Insurer Lloyd's has defended refusing to pay out a policy to the organiser of the axed 2019 Subsonic music festival, arguing the nearby Black Summer bushfires were not the only reason the event was cancelled, a court has heard.
The organiser of the festival, which was to take place in the NSW Hunter region, is suing Lloyd's in Federal Court for around $900,000 after the insurer said the event could still have gone ahead despite bushfires raging in the area.
By contrast, the festival's organiser and applicant in the matter, Scott Commens, claims the December 2019 axing was necessary due to the extreme weather threat, according to documents previously filed with the court.
Subsonic had taken place from 2010 until 2019 at the Riverwood Downs camping grounds on the banks of the Karuah River, near the NSW town of Monkerai.
At a case management hearing on Friday, the court heard Lloyd's stood by not paying out to the festival organiser, with the insurer's barrister Mark Newton pointing to the venue taking other bookings in the month of December.
Mr Newton described the major issue in the case as a question of fact about the "policy trigger" for the cancellation.
"There was a variety of reasons why the landowner decided the event could not take place," Mr Newton told the court.
Chief Justice James Allsop said while he was not being critical of the respondent, the bushfires at the time were some of the "worst in living memory" in the region, and that even the Sydney Opera House was shrouded in smoke.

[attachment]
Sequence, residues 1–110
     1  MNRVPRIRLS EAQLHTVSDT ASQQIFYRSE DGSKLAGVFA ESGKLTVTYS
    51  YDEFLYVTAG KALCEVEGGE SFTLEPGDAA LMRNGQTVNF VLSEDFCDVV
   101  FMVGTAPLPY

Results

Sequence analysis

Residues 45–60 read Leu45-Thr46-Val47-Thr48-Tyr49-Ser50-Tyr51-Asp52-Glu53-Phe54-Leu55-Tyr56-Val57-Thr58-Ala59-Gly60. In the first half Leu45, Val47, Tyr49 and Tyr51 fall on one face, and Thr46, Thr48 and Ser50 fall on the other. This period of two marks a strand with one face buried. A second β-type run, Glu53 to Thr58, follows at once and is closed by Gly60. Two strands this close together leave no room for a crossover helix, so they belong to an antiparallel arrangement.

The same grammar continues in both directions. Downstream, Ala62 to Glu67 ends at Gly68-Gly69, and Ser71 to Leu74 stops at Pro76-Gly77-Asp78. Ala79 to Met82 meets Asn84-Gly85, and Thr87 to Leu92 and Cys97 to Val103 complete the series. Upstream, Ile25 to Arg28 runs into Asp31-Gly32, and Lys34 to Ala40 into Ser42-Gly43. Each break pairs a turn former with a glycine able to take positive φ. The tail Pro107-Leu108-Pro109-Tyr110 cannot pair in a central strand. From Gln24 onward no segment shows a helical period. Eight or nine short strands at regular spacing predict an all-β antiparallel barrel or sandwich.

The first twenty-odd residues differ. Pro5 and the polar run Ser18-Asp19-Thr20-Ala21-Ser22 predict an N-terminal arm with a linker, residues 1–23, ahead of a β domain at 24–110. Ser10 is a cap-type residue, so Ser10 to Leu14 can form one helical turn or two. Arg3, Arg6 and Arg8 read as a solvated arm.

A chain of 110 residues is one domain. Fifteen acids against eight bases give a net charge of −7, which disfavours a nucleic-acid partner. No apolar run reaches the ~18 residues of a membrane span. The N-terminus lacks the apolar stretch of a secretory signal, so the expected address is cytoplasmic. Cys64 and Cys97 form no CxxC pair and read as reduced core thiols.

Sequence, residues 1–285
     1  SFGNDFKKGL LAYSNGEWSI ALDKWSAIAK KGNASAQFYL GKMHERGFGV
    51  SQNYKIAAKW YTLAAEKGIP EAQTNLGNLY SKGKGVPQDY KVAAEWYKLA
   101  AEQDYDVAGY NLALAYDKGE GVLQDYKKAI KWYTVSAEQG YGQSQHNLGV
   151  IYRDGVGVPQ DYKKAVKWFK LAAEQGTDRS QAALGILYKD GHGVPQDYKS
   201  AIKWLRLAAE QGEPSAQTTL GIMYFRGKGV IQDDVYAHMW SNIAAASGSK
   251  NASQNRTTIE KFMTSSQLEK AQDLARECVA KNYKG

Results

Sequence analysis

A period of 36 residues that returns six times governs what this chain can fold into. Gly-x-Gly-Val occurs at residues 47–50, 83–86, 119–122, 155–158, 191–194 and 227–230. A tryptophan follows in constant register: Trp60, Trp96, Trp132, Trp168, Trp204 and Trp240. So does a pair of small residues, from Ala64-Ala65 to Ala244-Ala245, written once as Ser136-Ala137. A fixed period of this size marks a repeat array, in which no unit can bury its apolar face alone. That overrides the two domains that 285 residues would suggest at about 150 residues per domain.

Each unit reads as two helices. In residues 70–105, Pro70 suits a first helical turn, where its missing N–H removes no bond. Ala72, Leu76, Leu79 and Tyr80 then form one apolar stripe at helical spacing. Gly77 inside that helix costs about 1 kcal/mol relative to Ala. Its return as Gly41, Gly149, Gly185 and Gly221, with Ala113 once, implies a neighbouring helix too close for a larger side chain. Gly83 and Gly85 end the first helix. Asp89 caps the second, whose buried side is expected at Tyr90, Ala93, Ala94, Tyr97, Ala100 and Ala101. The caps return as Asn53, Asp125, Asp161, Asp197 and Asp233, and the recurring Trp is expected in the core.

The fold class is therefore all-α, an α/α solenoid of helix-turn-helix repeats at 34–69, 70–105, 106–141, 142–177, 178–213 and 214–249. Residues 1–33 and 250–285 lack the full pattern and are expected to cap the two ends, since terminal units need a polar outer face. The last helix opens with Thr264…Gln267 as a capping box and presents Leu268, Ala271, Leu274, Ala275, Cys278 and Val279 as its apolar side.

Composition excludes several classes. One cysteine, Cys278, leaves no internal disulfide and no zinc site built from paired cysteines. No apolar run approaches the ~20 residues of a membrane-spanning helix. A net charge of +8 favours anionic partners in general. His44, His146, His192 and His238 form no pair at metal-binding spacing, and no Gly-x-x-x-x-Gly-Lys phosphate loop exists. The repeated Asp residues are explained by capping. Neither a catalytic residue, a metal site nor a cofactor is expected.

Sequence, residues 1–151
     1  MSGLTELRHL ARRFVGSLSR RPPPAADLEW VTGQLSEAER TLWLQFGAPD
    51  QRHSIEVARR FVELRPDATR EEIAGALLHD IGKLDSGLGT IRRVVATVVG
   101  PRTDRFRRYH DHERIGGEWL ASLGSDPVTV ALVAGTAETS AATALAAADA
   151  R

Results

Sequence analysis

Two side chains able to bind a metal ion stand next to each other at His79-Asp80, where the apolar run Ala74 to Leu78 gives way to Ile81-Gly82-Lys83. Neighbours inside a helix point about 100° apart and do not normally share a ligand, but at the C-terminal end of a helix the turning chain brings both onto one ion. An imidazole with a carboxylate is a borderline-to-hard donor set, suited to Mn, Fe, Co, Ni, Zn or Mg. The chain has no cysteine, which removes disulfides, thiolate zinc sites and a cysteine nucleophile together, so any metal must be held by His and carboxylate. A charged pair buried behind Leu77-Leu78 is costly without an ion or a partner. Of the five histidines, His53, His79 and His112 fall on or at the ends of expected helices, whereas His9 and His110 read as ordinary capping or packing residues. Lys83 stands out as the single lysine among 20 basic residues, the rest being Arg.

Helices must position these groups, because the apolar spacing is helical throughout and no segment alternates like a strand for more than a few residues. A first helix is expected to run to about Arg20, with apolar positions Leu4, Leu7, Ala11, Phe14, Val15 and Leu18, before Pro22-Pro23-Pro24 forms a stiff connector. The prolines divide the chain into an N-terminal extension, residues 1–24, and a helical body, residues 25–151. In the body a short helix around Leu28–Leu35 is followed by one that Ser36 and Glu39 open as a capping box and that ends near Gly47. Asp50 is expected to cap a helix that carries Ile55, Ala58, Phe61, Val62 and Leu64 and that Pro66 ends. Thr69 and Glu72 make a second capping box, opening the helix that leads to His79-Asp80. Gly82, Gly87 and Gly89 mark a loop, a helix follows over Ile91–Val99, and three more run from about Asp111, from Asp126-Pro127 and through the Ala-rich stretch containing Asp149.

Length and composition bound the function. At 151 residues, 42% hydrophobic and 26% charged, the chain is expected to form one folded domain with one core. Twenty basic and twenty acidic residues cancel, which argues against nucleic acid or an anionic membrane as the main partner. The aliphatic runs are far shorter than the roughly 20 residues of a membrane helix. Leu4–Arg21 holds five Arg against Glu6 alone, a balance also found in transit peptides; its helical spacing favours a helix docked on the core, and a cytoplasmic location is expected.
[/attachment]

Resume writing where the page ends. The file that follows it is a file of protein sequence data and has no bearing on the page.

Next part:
"It was a pretty dire circumstance," the judge said.
Stephen Walsh, counsel for Mr Commens, said around 5000 festival-goers were expected at the event and that his client was seeking compensation for expenses incurred that had been calculated in a forensic accountant's report.
He urged separate proceedings on the questions of liability and quantum, which he said would likely enhance the prospects that the case could settle.
Chief Justice Allsop adjourned the matter to a date yet to be set in February.
The Black Summer bushfires of 2019-2020 burned more than 24 million hectares, directly causing 33 deaths and almost 450 more from smoke inhalation, according to the CSIRO.